The numbers game continues under Slick Andy Mills. His methods have been deceitful, massive, and easy to see for anyone with a critical eye. Unfortunately, from the City of Eureka to the local media, no one seems to be willing to ask the obvious questions. For instance, less than a month ago the NCJ ran an article titled “Two Recent Fatalities Bring Humbold’s 2015 Road Deaths to 27”. A little before that the NCJ ran an article titled “Crash. Humboldt has one of the highest vehicle fatality rates in the country. Is it the roads or us?”.

Our question is, where is the local article titled “Humboldt has one of the highest vehicle fatality rates in the country, yet Chief Mills claims driving in Eureka is safer than it has been in years. WTF????”


5 thoughts on “Has Chief Mills really solved the traffic problems in Eureka?

  1. Eureka’s reports of pedestrian, cyclist and motorist injuries and fatalities are statistically among the highest in the state, mostly occurring on Highway 101, and yet, instead of focusing limited public resources on the most dangerous highways, Caltrans is transferring public resources to serve projects that expand access for larger and heavier STAA trucks throughout District 1, (Humboldt, Trinity, Del Norte, and Lake counties).

    According to the National Highway Transportation and Safety Administration, numerous highway fatalities already involve tractor trailers; how will the addition of larger and heavier trucks improve safety? Projects like the widening of Richardson Grove, among others in District 1, will subject the public to increasing hazard from larger trucks, while areas like Eureka, Weott, Highways 20 and 29, (with fatality rates four times higher than the district average), remain unaddressed.

    There’s no evidence that the massive public expenditures required to facilitate larger, heavier STAA trucks onto our rural highways will reduce the overall number of tractor trailers or fatalities. To remain competitive, smaller trucking companies will simply reduce rates, pushing drivers harder for less pay.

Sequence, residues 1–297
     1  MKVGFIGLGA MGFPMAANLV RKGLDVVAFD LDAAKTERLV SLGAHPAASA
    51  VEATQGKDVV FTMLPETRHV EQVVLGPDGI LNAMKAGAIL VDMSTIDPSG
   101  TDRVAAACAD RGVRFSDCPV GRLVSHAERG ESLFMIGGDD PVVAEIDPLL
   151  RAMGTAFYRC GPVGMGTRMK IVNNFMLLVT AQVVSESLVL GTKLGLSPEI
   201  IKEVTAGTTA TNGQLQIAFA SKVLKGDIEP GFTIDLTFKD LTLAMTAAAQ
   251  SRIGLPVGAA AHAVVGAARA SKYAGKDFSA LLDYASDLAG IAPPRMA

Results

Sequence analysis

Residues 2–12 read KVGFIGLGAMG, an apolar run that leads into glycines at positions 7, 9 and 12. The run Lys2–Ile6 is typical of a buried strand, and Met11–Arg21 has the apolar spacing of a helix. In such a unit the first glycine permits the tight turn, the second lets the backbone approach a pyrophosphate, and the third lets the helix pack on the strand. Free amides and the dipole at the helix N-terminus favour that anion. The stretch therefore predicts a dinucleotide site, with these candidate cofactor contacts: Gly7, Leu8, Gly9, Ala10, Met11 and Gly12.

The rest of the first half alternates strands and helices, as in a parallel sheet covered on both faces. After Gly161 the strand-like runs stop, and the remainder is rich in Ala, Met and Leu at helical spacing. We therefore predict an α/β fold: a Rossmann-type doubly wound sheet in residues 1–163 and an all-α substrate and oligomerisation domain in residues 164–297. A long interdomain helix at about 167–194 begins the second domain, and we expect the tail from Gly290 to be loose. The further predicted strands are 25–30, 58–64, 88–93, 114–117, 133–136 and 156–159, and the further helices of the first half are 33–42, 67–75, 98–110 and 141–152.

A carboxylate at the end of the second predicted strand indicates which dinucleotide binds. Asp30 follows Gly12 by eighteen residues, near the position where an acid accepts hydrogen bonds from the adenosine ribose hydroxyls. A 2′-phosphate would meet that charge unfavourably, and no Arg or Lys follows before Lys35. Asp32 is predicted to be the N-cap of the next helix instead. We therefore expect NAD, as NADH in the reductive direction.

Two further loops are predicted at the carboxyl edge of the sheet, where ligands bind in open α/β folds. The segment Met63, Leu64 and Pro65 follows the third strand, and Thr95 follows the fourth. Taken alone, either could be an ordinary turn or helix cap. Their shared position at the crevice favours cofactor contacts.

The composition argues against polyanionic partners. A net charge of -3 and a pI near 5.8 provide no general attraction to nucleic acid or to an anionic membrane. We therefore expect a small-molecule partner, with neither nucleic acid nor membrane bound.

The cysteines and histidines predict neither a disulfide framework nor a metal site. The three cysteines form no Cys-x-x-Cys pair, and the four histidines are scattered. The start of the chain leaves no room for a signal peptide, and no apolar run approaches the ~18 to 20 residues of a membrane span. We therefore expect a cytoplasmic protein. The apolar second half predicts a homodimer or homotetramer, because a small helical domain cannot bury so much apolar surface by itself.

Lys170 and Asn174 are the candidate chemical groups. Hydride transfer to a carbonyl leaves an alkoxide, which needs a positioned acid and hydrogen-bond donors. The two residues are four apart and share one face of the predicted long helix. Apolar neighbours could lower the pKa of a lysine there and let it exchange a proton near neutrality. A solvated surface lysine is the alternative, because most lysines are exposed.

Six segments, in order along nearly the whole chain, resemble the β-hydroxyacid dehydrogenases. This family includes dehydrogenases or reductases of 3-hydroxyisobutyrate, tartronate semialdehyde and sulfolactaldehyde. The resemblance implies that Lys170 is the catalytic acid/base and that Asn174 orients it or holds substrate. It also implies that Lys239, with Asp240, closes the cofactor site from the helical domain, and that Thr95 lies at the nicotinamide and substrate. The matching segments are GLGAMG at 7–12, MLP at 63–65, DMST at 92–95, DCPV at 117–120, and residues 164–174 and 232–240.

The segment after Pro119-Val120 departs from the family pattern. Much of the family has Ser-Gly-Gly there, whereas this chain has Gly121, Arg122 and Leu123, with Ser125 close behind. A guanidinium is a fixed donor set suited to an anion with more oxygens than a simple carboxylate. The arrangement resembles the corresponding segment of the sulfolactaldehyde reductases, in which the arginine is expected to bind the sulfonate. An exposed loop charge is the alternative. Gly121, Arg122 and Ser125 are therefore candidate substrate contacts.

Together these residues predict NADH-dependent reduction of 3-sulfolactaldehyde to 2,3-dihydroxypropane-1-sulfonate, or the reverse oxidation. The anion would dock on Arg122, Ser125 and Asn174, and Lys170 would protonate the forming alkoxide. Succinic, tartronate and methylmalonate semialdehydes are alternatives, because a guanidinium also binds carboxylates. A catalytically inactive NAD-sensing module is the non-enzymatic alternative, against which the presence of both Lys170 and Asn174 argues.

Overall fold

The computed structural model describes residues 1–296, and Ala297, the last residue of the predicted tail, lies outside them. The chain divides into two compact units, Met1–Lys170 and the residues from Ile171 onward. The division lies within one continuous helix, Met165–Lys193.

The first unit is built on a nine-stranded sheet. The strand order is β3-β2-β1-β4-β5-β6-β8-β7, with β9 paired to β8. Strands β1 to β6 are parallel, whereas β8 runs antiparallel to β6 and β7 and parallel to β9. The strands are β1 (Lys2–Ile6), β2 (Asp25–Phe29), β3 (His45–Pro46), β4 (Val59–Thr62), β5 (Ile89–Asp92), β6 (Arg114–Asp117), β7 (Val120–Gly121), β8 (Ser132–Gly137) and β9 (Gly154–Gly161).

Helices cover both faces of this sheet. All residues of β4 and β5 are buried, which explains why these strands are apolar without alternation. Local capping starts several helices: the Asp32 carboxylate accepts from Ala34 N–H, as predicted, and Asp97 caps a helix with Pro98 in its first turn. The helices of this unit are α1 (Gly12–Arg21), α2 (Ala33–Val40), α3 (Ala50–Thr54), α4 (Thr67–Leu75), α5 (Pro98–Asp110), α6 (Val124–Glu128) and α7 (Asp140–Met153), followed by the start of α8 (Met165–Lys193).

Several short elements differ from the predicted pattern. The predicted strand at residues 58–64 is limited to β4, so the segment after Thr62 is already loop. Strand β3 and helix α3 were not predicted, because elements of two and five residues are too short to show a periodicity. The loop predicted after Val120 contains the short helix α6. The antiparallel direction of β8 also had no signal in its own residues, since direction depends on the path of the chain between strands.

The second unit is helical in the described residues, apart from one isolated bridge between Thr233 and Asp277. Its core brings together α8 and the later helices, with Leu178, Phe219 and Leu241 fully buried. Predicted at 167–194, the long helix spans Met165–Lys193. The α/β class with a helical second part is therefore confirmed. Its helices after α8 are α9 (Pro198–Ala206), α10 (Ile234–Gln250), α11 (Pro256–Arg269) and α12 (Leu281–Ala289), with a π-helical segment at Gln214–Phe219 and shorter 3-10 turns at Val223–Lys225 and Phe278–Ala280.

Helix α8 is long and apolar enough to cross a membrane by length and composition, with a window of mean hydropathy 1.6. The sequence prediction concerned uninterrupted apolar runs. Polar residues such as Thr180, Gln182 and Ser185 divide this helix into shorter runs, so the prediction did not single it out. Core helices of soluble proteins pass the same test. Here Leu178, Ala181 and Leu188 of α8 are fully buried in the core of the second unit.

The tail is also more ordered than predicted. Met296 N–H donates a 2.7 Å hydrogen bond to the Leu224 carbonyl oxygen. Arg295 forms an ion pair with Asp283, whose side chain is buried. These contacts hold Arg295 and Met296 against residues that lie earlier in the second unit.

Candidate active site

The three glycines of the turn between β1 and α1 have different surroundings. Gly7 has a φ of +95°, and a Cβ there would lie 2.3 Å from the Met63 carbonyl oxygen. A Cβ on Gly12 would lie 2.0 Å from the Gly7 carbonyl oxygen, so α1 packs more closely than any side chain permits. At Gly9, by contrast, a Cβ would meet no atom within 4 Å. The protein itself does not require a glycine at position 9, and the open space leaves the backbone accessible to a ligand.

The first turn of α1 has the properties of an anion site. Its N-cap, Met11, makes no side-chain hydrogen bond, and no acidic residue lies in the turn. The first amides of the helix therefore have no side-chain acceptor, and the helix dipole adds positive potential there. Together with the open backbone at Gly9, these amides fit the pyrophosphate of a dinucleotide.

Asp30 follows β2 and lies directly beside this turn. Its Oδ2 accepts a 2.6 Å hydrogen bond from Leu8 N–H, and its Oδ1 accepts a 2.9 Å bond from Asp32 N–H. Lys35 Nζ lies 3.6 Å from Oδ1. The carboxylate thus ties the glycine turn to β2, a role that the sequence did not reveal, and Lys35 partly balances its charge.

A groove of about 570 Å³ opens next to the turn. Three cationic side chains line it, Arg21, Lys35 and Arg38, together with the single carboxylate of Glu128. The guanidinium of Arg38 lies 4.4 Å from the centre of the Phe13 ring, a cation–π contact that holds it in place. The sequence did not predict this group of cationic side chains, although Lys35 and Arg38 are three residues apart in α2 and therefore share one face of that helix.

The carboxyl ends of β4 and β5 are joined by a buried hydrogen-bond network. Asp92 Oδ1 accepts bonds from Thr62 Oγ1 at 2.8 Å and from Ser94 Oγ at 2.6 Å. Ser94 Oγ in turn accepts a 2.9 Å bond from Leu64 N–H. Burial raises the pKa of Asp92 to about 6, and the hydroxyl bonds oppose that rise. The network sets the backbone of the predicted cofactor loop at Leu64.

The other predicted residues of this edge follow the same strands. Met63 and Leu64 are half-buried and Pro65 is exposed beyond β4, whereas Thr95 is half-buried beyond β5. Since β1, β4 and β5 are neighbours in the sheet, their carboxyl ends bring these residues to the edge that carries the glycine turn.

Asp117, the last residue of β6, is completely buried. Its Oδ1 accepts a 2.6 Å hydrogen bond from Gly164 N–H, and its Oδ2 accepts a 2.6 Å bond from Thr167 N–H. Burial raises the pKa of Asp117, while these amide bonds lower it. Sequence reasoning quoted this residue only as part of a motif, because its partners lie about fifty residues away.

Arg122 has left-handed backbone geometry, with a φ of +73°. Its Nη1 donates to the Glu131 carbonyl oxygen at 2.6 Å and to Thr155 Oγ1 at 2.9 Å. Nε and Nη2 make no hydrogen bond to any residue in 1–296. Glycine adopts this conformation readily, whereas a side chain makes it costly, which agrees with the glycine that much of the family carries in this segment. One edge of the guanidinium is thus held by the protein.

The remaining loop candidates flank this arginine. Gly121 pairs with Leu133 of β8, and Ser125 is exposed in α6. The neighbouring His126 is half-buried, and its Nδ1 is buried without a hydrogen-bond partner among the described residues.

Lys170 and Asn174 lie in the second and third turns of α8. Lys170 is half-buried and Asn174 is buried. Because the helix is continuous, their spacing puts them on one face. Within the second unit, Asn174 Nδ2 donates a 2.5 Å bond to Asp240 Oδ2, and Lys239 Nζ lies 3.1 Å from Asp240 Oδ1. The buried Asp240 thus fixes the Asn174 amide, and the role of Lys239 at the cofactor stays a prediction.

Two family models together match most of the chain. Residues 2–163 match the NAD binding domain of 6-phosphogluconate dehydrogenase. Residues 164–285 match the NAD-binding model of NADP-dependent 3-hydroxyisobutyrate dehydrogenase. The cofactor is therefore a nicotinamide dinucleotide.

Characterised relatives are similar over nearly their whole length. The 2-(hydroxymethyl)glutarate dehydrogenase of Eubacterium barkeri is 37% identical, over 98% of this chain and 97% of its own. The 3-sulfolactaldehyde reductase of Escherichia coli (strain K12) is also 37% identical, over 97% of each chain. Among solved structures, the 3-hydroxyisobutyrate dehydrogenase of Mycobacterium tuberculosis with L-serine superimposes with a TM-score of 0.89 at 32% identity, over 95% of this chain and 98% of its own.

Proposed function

Caltrans’ mission statement emphasizes public safety as their primary goal, but their projects tell another story. The largest beneficiaries are the handful of the biggest trucking companies and retailers owning STAA trucks ensuring increased company profits at huge public expense.

    Please call or write your representatives to demand that Caltrans return to its foremost responsibility of ensuring public safety and stop using public wealth to enrich the nation’s wealthiest shippers and retailers.


  2. rehired PSO’s…weren’t there 20 fired and three rehired?

    and wasn’t one of them someone with some controversy attached?


    • Wait a minute. You’re not referring to that lady who used to write recipes for the Times-Standard while getting paid as a PSO in the detective section, are you? That’s ridiculous if true.


      • That sounds like the worthless – do-nothing but collect a check – head of the get Garr fired good old boys – “Suzie Owsley”


  3. Slick Andy indeed. Recently rear ended on Broadway. Police would not come. So no report. There has been no improvements in traffic safety. All drivers here know that. What we have here is creative accounting.